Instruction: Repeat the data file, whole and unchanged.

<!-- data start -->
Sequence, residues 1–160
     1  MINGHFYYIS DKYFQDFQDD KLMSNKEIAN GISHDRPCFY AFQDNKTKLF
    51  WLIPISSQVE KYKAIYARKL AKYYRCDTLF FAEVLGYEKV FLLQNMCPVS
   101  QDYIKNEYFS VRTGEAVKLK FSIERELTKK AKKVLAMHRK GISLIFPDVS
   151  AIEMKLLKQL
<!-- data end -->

Sequence, residues 1–160
     1  MINGHFYYIS DKYFQDFQDD KLMSNKEIAN GISHDRPCFY AFQDNKTKLF
    51  WLIPISSQVE KYKAIYARKL AKYYRCDTLF FAEVLGYEKV FLLQNMCPVS
   101  QDYIKNEYFS VRTGEAVKLK FSIERELTKK AKKVLAMHRK GISLIFPDVS
   151  AIEMKLLKQL